“Something of an Adventure”: Postwar NIH Research Ethos and the Guatemala STD Experiments

Journal of Law, Medicine and Ethics 41 (3):697-710 (2013)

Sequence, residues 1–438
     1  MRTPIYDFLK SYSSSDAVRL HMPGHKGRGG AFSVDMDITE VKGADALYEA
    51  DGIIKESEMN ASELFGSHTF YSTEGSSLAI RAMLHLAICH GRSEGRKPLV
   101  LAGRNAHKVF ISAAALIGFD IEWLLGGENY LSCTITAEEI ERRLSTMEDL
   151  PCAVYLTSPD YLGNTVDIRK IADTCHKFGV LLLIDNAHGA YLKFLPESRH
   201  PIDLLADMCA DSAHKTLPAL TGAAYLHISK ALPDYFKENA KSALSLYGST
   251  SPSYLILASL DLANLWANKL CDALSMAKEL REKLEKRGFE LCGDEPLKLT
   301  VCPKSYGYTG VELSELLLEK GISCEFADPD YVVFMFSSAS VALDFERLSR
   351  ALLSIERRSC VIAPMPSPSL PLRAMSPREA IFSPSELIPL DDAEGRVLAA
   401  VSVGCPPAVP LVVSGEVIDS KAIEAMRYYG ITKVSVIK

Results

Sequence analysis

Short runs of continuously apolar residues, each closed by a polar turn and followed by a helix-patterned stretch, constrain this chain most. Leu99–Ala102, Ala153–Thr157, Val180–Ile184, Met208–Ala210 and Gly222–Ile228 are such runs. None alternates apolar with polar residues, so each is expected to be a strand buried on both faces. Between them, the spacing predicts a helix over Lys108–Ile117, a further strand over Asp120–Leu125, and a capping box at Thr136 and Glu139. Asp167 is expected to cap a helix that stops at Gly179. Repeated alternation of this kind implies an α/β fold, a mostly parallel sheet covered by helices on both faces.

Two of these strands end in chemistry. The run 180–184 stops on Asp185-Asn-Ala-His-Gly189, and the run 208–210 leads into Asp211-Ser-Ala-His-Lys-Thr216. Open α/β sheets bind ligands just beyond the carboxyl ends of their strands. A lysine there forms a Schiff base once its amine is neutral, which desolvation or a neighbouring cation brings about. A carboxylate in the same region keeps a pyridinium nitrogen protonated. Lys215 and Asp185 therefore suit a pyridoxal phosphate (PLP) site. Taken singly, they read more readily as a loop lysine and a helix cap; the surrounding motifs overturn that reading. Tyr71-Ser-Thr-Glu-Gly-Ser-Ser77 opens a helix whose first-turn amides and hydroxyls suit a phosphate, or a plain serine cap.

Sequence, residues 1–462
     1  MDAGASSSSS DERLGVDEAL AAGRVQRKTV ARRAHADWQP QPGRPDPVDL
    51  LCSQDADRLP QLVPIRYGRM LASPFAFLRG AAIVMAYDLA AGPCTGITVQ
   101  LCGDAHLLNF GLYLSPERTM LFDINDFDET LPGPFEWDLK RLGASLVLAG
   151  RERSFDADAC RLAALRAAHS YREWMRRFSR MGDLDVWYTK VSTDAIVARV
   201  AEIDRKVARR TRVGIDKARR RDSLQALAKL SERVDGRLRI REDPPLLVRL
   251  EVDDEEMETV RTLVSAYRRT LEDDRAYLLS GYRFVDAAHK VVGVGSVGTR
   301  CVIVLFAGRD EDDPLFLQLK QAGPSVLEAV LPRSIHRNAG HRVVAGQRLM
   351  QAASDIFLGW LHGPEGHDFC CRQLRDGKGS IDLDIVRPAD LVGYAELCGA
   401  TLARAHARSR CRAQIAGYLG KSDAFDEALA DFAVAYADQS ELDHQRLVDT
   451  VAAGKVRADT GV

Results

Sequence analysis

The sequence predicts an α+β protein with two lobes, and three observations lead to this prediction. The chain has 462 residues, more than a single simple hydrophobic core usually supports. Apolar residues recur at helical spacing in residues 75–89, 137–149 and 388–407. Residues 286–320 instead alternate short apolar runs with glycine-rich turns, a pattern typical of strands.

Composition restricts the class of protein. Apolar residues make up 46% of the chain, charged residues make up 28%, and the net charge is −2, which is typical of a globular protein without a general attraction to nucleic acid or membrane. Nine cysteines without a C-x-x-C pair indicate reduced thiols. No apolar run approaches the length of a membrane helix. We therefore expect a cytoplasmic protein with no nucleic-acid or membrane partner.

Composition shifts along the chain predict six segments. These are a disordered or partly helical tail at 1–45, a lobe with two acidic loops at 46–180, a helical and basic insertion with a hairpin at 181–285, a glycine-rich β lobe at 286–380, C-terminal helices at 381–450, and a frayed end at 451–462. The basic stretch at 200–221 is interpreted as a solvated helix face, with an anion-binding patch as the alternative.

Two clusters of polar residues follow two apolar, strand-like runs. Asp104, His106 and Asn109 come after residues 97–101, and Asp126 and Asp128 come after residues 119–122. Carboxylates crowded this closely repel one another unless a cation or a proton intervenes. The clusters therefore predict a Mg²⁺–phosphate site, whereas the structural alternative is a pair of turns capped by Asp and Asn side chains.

Since their revelation to the public, the sexually transmitted disease experiments in Guatemala from 1946 to 1948 have earned a place of infamy in the history of medical ethics. During these experiments, Public Health Service researchers intentionally exposed over 1,300 non-consenting Guatemalan soldiers, prisoners, psychiatric patients, and commercial sex workers to gonorrhea, syphilis, and/or chancroid under conditions that have shocked the medical community and public alike. Expert analysis has found little scientific value to the experiments as measured by current or contemporaneous research standards.Such an obvious case of research malfeasance, which violated research norms in place both in the past and now, has been uniformly repudiated. The Guatemala STD experiments were labeled “clearly unethical” by President Barack Obama and “reprehensible” by the Secretaries of State and Health and Human Services.

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